- The White House CEQ released a policy memorandum in the fall of 2015 directing federal agencies to begin incorporating ecosystem services in federal planning and decision making. Related guidance is still underway.
- On November 3, 2015, the White House released a memorandum aimed at minimizing impacts on, accelerating restoration of, and incentivizing private investment in our land, water, and wildlife.
- On August 25, 2015, the White House released the report “Ecosystem-Service Assessment: Research Needs for Coastal Green Infrastructure.”
- In 2013, the White House Council on Environmental Quality (CEQ) released new principles and requirements for federal investments in water resources and include guidance on using an ecosystem services evaluation framework for water resources projects.
- The U.S. Forest Service’s 2012 Planning Rule requires that planning activities consider ecosystem services as part of an integrated resource management focus.
- A series of short videos by the Conservation Strategy Fund explain some of the key concepts in valuation of ecosystem services.
- “Total Economic Valuation of the National Park Service Lands and Programs: Results of a Survey of the American Public” presents the first-ever comprehensive estimate of the total economic value of the National Parks Service. The estimate covers administered lands, waters, and historic sites as well as National Parks Service programs, which include protection of natural landmarks and historic sites, partnerships with local communities, recreational activities and educational programs.
- This primer “Multicriteria Evaluation for Ecosystem Services,” shows how and where structured methods of multicriteria evaluation might help agencies integrate ecosystem services into their planning processes.
- “Trees at work: economic accounting for forest ecosystem services in the U.S.South” proposes an approach to 1) quantifying annual flows of ecosystem services, 2) developing a spatial catalog of the marginal values of changes in those flows, and 3) accounting for the total value of ecosystem services lost or gained as a result of changes in forest ecosystems. Chapters on cultural services, watershed services, air quality and carbon, and provisioning of non-timber forest products—provide guidance on best practices for quantifying and estimating the values of these services as provided by forests.
- The USGS Benefit Transfer Toolkit is for natural resource planners, socioeconomic analysts, field staff and public land managers. The toolkit compiles economic values estimates and other information on resources not priced in conventional markets.
State Level Services Assessments
- The Texas Statewide Assessment of Forest Ecosystem Services by Texas A & M Forest Service estimates the economic value of a number of ecosystem services provided by forests.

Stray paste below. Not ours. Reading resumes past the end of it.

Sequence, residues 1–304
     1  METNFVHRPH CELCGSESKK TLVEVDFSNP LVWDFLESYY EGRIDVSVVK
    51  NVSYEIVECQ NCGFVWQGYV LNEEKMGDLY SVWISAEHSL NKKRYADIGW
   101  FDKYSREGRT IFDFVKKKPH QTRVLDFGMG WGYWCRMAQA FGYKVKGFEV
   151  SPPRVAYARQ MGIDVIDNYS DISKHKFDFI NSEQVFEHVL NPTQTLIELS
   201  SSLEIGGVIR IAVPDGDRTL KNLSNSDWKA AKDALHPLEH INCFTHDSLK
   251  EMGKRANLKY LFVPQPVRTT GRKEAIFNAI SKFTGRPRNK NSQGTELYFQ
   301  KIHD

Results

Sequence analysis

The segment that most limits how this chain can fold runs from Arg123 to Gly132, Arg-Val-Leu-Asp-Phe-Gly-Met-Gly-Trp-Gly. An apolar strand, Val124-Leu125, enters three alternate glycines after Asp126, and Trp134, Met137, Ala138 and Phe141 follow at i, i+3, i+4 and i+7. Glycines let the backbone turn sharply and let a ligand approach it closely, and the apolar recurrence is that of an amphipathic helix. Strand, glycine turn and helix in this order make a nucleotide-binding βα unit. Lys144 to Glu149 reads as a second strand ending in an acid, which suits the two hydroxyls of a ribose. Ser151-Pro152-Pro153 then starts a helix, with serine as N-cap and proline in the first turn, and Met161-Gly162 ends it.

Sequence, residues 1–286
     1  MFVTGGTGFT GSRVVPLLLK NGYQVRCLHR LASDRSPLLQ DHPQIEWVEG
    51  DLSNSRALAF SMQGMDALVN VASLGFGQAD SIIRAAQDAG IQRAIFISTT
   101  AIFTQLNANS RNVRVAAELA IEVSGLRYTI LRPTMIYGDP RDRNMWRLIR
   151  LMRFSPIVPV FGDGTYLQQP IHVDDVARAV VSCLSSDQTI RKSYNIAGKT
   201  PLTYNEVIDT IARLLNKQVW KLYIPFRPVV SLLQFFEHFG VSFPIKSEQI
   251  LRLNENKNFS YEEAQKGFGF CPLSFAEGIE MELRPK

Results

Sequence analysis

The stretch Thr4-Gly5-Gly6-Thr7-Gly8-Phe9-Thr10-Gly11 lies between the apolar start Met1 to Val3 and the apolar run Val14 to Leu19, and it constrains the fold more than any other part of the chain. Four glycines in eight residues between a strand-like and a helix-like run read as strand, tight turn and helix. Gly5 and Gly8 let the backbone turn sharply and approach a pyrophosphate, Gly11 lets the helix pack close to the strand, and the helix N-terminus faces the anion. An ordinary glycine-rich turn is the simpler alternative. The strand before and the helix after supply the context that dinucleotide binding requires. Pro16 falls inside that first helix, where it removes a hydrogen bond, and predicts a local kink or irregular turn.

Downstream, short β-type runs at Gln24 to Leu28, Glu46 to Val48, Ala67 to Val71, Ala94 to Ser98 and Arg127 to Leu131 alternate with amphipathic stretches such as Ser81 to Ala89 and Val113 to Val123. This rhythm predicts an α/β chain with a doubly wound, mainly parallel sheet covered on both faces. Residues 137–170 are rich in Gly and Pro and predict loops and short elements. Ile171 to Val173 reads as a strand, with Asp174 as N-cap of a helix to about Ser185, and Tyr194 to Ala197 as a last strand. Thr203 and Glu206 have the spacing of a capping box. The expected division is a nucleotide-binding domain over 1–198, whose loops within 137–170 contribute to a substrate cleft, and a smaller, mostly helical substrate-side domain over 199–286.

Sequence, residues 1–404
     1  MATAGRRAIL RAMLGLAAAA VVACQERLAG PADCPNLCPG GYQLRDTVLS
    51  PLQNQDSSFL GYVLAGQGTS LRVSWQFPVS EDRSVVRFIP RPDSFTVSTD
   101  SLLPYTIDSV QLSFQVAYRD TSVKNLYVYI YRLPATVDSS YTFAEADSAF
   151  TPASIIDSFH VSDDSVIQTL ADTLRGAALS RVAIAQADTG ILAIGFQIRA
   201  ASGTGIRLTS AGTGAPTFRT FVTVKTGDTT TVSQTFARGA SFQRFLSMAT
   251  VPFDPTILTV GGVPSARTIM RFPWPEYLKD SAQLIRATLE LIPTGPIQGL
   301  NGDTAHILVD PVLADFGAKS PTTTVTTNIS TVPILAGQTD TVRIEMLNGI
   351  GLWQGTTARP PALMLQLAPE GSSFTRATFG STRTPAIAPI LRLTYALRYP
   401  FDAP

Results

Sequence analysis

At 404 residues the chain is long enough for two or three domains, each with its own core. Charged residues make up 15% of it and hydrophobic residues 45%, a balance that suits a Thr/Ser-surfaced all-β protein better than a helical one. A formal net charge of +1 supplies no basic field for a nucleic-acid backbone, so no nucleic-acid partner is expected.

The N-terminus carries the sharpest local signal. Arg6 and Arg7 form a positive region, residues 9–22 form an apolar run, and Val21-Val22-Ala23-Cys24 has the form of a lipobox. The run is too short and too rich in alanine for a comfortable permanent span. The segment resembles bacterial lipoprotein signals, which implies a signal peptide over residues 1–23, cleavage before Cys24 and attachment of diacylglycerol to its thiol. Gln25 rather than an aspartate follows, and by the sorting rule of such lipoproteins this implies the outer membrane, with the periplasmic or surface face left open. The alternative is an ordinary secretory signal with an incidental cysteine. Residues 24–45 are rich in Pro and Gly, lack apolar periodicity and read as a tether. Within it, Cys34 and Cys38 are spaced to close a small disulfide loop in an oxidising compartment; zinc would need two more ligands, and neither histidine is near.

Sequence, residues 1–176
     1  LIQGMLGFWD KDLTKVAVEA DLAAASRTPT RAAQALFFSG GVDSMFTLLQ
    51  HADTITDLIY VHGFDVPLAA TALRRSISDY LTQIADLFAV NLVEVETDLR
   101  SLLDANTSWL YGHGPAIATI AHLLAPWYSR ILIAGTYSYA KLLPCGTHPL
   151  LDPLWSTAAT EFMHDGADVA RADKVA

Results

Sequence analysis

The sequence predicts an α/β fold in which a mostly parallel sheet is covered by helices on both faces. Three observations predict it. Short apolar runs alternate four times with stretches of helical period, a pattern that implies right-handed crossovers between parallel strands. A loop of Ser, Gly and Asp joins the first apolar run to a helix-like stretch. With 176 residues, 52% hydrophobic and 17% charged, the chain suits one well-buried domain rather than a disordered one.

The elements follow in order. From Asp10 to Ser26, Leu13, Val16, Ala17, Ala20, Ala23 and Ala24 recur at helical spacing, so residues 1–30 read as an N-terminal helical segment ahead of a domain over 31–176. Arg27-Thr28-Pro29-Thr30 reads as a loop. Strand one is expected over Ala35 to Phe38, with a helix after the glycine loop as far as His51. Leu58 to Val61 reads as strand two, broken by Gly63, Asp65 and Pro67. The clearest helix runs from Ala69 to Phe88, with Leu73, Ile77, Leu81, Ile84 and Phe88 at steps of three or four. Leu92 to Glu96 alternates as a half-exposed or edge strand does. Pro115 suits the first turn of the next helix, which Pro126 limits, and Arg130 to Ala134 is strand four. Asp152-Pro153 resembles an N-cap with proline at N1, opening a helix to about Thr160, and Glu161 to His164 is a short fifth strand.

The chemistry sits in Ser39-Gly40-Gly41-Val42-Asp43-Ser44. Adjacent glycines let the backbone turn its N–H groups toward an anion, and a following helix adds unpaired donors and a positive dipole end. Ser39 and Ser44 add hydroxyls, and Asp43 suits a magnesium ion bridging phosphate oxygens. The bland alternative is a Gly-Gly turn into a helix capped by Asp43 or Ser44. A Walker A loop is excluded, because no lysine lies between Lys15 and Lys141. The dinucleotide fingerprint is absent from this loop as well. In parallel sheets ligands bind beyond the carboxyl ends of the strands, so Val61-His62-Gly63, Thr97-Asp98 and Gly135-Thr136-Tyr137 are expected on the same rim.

- Florida has conducted a similar study via the Stewardship Ecosystem Services Survey Project. This study valued key ecosystem services provided by non-industrial private forest and explored the attitudes and knowledge of private forest landowners and management agency personnel regarding ecosystem services.
- The Massachusetts Department of Fish & Game’s Division of Ecological Restoration (DER) commissioned a three-part study to evaluate the economic return on the investment of public funds in habitat restoration through DER projects. The studies found that these projects created jobs, stimulated economic growth, and produced long-term economic value by enhancing ecosystem services.
- The Tessa toolkit has a very extensive site assessment method with detailed data gathering tools. It is best suited for projects that will be strongly driven by ecological data. It does not provide valuation methods or consideration of policy implications.
- The Canadian Ecosystem Services Toolkit (PDF) is made for government agencies and policy makers. The data gathering methods are very rudimentary. It has a very strong section about ES integration into government projects and rulemaking.
- The Conservation by Design 2.0 toolkit (PDF) is a good fit for NGOs and Land managers by taking deliberate steps through strategy mapping and strategy selection. This toolkit also helps managers by providing implementation tools such as budgeting and work plans. This toolkit does not provide detailed data gathering or valuation methods.
- The ValuES toolkit is the most simplistic and user-friendly toolkit. The toolkit provides concrete examples of each of its methods. It provides valuation tools and consideration of policy implications. Site assessment methods and data gathering tools are limited in this toolkit due to its simplistic nature.
- The Natural Capital Protocol and Toolkit is meant to be used by businesses looking to consider natural capital in assessing their work and projects. It includes an in-depth protocol that features classification of ecosystem services as well as valuation techniques for natural capital. The toolkit helps business leaders synthesize tools and data into useful information for project implementation.